three weeks. that’s all it takes. hell, it only takes a day, really. for us it was three weeks, going from a seemingly normal life to fear and sadness. it’s like a hollywood story, really, with a happy ending, but the type of happy ending where things have changed. people have changed, one person physically, and the rest of us emotionally, mentally. none of us are the same now. none of us can go back to where we were before. we now have the scent of death lingering under our nostrils. and it’s okay. it was a wake up call after all, a jostling of our consciousnesses into the present. no more dwelling on the past or fretting about the future. we are all consciously here, now, aware of every waking second, aware of our breathing, aware of one man lying in a hospital bed, hoping desperately that his guts will start working again. embarrassment flies out the window–we’re all hoping he’ll fart. what a fucking insane hope is that to have.
it’s the christmas present nobody really wanted, but the one we got: a clean bill of health for a good man. the question still remains as to why an omnibenevolent being (if one exists) would give my brother colon cancer and then miraculously not have it spread. the prayers people leave for him are good natured but so strange … did they devil give him cancer? how does this work? it all is very odd, very hard to sift through, and likely a point of contention in my brother’s own head, much less the rest of us. i think truthfully that it is just a mutation of cells, and that when you think of cancer like that, it becomes less existentially and theologically scary. god didn’t do this to you, nor did the devil. it’s just biology, and biology in this case somehow kept the tumor from spreading.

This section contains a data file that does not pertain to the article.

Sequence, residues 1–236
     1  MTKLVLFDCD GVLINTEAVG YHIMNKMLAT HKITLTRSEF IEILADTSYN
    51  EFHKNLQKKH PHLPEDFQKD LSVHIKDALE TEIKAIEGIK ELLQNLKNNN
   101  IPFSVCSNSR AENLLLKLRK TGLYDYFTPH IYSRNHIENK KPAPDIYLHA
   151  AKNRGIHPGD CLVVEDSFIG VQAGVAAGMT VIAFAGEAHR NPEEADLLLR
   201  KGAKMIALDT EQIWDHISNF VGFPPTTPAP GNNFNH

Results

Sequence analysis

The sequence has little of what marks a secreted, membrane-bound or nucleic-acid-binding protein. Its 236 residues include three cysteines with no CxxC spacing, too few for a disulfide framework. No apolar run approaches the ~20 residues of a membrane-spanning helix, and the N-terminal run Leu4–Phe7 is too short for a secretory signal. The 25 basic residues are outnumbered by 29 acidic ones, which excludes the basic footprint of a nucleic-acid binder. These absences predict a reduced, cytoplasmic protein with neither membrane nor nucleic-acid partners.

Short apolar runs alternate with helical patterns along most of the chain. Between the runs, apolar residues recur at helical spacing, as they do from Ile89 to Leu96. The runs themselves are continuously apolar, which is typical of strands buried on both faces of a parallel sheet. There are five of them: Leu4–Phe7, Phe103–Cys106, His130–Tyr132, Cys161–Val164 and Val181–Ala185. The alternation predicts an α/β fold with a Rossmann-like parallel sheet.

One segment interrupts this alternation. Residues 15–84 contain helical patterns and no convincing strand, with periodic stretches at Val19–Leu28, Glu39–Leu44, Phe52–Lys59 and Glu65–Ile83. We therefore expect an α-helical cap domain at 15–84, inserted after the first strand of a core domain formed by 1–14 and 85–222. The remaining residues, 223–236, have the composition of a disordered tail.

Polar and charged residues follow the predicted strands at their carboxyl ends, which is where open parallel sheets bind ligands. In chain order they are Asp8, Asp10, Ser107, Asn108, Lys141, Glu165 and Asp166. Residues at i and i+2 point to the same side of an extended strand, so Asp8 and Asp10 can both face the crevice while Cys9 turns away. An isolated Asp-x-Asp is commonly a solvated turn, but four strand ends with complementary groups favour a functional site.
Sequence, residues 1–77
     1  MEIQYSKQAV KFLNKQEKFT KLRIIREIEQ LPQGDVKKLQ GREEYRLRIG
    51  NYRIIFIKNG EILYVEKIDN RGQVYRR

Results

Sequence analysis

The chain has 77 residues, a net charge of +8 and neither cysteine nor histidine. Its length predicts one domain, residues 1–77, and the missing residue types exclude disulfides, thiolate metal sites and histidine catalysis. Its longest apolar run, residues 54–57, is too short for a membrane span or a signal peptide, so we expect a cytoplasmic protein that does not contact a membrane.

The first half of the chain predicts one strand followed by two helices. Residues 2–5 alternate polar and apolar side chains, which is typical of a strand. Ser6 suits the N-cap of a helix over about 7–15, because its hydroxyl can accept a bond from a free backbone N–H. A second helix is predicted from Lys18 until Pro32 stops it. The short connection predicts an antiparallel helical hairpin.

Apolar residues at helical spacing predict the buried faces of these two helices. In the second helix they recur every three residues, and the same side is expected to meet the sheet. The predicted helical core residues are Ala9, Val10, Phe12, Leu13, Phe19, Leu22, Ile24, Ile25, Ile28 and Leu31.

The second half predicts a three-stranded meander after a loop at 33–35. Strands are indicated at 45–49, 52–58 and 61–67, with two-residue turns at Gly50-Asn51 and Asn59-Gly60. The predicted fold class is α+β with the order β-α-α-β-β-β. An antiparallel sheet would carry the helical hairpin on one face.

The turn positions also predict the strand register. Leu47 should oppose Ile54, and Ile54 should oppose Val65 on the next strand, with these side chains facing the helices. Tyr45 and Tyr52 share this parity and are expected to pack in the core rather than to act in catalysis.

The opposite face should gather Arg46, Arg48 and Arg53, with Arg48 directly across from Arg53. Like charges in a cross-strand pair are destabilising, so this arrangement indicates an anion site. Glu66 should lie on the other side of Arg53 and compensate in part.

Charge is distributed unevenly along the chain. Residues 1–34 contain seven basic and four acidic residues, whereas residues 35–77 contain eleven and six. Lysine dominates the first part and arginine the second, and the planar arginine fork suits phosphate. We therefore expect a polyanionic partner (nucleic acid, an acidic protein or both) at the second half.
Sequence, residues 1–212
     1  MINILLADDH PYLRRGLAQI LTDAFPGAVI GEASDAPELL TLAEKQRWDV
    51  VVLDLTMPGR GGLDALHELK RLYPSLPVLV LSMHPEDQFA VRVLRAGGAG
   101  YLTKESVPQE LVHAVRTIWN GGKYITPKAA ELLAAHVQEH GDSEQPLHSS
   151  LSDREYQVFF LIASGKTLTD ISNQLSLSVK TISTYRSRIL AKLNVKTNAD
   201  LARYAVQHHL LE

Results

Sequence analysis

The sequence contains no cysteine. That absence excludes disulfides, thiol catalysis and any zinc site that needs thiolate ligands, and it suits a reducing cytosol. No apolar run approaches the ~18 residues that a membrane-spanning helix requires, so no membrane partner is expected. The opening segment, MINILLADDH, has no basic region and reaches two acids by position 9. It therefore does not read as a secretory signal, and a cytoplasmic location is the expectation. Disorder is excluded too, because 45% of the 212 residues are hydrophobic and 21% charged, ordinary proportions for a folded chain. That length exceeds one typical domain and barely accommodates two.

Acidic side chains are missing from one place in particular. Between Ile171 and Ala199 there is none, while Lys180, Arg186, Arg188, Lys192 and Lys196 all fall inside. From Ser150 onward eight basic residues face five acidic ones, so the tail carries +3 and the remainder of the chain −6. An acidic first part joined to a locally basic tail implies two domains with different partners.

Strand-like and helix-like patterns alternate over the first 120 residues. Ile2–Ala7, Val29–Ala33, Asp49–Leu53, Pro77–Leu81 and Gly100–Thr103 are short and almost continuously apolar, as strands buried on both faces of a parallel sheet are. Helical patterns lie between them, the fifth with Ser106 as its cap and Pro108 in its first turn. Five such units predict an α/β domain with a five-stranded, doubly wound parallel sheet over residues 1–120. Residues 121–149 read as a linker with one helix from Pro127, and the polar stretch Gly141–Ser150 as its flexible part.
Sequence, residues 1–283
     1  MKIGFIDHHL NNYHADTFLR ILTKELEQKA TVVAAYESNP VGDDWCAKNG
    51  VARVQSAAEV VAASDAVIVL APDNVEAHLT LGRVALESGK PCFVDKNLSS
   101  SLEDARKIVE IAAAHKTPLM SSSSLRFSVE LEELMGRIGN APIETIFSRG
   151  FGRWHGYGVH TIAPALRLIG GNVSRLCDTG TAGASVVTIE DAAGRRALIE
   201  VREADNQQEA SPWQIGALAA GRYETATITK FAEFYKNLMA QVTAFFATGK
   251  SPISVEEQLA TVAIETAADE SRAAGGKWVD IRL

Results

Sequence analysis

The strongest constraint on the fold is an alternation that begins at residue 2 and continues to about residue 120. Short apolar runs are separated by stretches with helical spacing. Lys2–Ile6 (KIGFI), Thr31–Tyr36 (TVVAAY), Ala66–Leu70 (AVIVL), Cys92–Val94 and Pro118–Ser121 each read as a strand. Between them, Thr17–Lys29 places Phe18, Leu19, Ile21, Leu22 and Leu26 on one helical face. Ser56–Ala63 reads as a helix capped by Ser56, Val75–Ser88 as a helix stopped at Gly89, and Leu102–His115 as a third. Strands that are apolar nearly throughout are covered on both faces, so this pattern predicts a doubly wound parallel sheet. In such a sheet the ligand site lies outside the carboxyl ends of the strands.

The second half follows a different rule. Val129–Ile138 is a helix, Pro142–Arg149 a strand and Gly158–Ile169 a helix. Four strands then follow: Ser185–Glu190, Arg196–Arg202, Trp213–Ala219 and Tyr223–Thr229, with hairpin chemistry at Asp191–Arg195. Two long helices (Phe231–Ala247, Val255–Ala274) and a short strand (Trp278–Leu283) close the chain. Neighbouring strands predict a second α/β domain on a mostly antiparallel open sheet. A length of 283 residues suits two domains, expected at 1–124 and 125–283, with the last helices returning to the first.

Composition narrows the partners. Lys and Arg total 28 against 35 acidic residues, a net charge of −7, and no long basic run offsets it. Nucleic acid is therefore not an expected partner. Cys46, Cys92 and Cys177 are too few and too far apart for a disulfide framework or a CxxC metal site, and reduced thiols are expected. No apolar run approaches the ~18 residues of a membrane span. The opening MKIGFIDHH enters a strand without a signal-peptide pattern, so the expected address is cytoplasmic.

life is amazing that way. we are made of trillions of tiny things, who themselves are made of trillions of even tinier things, and those tiniest things are little more than fluctuations in the basic building fields of the universe. did god or a god create them? who knows. science doesn’t care; they exist, that’s all science knows. and that’s where science and religion can agree, i think. when broken down to its fundamentals, the basics of physics exist simply because they do, because when the void is acted upon, it reacts in four fundamental ways. these fundamental forces exist because they do, that’s all. in religion, god exists because he does. when broken down, everything is a tautology, and that, i think, is the most fundamental mystery of them all.
so, in a very fundamental way, my brother’s cancer existed simply because it did. forces acted upon him and he was forced to react or be consumed. this is the absolute most basic way the universe works. it’s a beautiful thing.